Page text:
Two Galway-based medical students died after joining Islamic militants in Iraq and Syria, it has emerged. Both studied at National University of Ireland Galway (NUIG) and are believed to have become radicalised while in the city.
Mustapha al-Hayani, a graduate of NUIG’s medical programme, and Tariq Mohainuteen, a visiting Malaysian student, travelled on the same bus from Galway to Dublin on their way to join the jihadist group Isis in September 2013.
However, the students, who were both members of NUIG’s Muslim Youth Society, fought on different fronts for the jihadists.
Mohainuteen was at NUIG under a programme for young students from Malaysia to carry out the first part of their medical training in Ireland.
During their time in Galway, Hayani served as vice-auditor and treasurer of NUIG’s Muslim Youth Society and Mohainuteen as its liaison officer.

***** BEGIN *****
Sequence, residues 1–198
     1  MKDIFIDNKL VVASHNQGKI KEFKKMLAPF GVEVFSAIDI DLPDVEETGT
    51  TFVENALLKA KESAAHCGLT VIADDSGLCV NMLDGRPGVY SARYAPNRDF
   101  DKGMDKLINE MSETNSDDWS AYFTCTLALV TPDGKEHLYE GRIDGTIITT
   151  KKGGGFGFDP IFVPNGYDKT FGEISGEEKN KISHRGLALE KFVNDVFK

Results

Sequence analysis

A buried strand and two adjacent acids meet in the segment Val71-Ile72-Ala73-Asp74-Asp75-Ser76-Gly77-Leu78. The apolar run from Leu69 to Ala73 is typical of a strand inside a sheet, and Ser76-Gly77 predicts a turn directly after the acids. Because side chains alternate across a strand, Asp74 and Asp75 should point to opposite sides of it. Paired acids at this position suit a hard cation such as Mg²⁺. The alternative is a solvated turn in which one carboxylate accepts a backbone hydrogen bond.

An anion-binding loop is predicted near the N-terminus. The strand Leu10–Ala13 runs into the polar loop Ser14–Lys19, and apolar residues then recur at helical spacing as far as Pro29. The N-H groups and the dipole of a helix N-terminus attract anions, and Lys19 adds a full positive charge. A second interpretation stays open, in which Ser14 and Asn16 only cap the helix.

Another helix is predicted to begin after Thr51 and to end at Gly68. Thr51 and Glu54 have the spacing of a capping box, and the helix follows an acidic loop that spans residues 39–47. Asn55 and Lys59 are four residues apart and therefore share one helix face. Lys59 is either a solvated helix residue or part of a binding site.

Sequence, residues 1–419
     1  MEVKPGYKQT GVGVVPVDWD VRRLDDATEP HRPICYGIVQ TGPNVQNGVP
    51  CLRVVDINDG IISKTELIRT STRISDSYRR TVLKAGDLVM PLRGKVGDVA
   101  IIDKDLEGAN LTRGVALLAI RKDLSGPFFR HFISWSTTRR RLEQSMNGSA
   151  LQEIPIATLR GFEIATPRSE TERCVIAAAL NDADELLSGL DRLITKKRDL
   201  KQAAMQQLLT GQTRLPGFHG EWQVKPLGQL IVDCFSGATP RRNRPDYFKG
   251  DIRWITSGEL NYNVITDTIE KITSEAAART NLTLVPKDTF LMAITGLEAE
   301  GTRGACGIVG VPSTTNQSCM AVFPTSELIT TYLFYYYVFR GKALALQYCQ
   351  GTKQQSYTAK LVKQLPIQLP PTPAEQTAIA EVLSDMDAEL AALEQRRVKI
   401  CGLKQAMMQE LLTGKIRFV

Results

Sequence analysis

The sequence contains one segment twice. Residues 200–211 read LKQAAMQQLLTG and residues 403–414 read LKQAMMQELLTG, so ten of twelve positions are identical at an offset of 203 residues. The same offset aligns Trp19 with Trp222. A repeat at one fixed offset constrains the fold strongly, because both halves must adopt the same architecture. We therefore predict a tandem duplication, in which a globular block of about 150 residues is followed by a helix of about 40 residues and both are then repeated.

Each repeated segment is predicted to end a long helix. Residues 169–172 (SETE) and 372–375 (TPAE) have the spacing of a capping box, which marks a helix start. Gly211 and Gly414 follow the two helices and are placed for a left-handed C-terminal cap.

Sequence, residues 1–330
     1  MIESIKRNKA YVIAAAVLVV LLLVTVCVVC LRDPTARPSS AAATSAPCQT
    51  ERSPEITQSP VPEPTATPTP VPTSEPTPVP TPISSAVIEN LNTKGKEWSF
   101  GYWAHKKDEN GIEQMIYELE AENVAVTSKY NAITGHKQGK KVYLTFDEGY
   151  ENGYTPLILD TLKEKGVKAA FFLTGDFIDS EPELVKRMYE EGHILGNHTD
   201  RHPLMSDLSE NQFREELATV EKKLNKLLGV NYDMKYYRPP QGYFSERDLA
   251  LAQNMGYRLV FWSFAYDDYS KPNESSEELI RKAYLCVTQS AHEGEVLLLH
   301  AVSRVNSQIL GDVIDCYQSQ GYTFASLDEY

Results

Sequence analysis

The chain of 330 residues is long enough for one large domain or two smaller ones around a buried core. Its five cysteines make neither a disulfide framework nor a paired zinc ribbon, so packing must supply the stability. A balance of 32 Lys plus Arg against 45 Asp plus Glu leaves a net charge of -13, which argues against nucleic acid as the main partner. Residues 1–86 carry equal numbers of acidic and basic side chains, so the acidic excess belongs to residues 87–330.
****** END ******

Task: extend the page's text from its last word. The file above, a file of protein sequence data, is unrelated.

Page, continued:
The Sunday Times also reports that the young men attended winter camps organised by the Federation of Student Islamic Societies (Fosis). FOSIS has come under criticism before; the Times reminds readers of the specific criticism from former members that participants were instructed dig graves during the events.
The camps have been linked to family members of militia men who fought in the Syrian civil war, and former attendees have described them as “grooming camps” for would-be jihadists.
The National University of Ireland Galway NUIG told The Sunday Times that it did not comment on the affairs of individual students.
Amazon donates to World Encounter Institute Inc when you shop at smile.amazon.com/ch/56-2572448. #AmazonSmile #StartWithaSmile